Therefore, we hypothesized that an embolus had obstructed the retinal artery, as the symptoms occurred just 12 hours after his CAS. Atherosclerosis of the ophthalmic artery is another possible cause of CRAO. Even though we did not find a severe ophthalmic artery stenosis on our patient's angiography, he might have suffered an atherosclerotic change in the ophthalmic artery due to hypertension, old age, or systemic atherosclerosis. In addition, a dynamic change in ICA blood flow might have influenced the atherosclerotic ophthalmic artery after the CAS. We have usually been carrying out balloon angioplasty procedure once for extra-cranial carotid stenosis. However, we performed a balloon angioplasty 3 times before applying the stent. Repeated procedure might have worsened the unstable atherosclerosis of an ICA stenotic lesion. If we had performed angioplasty just once before applying the stent, we could have reduced this complication risk. Another possible cause of CRAO is external carotid artery (ECA) to ophthalmic artery anastomosis. A number of extra-orbital branches arise from the ophthalmic artery. Such extra-orbital ophthalmic branches have extensive anastomosis with the ECA.9) This anastomosis

might have offered an embolic route from the ECA to the ophthalmic artery, and we did not use an ECA protection device in this case. In our case, it was thought that the origin of CRAO was unstable in situ embolus in the carotid stenosis caused by multiple angioplasties. If CRAO had come from ophthalmic artery, angiography would have shown atherosclerosis of ophthalmic artery. Moreover, embolus might have passed ECA route. Because if embolus had passed ICA, DW-MRI would have shown new develop lesion. Patients can undergo treatment modalities that lower intraocular pressure and enhance retinal oxygenation, such as anterior chamber paracentesis, ocular massage, systemic acetazolamide, topical timolol maleate, and 5% carbon dioxide/95% oxygen inhalation. Despite these treatments, the prognosis of retinal infraction due to CRAO is poor and retinal cloudiness can become a continuing process. Currently, physicians sometimes try intravenous or intraarterial thrombolysis treatment for CRAO. The results of thrombolysis for CRAO appear to be better than either the natural history of CRAO or conservative treatment,5) but thrombolysis as a treatment for CRAO requires further studies. Embolism due to carotid atherosclerotic disease has been described as the most common cause of CRAO. Endovascular surgeons should keep in mind the risk of permanent vision loss because of carotid CAS.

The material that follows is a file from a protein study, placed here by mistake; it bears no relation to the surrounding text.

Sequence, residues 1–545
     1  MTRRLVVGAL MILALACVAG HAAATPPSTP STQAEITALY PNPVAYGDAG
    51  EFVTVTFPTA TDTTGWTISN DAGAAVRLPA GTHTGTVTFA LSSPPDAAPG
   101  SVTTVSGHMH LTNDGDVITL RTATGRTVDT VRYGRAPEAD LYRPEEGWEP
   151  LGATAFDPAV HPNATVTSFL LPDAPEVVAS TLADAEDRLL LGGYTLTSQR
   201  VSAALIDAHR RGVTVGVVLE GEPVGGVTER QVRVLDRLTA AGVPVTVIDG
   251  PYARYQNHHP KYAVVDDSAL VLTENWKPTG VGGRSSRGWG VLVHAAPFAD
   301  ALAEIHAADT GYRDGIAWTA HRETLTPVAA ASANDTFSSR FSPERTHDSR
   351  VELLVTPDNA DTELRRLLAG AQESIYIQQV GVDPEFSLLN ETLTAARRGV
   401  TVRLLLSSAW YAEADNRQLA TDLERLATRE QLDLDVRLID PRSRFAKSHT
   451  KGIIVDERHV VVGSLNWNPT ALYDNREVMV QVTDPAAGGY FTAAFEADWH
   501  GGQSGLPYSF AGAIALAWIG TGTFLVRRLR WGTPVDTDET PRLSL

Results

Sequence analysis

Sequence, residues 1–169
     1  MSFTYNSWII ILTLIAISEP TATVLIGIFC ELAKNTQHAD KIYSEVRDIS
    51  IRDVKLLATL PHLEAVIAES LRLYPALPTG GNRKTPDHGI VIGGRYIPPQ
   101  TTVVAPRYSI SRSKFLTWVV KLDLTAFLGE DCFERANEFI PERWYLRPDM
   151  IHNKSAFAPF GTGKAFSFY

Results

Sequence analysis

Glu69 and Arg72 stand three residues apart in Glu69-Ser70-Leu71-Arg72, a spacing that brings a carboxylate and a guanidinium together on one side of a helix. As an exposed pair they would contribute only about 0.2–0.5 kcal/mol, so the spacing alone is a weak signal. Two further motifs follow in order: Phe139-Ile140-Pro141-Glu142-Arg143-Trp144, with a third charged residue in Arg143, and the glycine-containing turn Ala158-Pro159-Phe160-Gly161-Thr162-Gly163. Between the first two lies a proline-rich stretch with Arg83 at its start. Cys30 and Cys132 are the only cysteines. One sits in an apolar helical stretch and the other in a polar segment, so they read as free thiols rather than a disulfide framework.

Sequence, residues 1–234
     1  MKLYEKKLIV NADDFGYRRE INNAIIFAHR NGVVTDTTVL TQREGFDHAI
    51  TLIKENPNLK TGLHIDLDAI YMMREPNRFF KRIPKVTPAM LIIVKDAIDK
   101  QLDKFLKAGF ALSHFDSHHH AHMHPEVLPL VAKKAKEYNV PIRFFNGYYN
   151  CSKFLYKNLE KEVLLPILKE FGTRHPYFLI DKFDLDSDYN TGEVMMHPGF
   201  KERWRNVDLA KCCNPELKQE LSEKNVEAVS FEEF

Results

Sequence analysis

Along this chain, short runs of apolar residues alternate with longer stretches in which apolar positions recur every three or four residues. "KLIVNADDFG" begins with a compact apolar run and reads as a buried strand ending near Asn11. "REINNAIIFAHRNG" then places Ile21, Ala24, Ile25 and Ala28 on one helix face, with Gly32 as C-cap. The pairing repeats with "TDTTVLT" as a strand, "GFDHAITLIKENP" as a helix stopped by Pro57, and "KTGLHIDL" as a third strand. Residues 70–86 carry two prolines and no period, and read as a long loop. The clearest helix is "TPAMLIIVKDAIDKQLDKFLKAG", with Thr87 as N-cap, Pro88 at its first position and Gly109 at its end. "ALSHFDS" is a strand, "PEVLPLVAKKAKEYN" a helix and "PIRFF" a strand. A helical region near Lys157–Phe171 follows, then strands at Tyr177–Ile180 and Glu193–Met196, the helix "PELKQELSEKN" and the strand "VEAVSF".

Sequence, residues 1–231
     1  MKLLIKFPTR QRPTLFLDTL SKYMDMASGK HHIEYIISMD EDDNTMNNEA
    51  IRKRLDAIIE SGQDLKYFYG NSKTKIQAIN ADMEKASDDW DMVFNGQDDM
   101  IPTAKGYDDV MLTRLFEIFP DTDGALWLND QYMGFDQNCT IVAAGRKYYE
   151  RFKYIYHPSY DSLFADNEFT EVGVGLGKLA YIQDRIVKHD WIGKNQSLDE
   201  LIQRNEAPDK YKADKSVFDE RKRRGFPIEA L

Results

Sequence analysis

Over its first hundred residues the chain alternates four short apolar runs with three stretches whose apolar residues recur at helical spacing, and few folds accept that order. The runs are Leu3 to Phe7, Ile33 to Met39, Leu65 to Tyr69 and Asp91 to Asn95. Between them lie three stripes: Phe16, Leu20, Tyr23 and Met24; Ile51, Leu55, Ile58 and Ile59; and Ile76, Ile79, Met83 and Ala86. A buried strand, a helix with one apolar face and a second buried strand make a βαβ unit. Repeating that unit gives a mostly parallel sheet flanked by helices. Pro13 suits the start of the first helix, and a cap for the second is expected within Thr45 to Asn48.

CRAO after CAS without intracranial infarction is a rare complication. We here report a case in an elderly patient.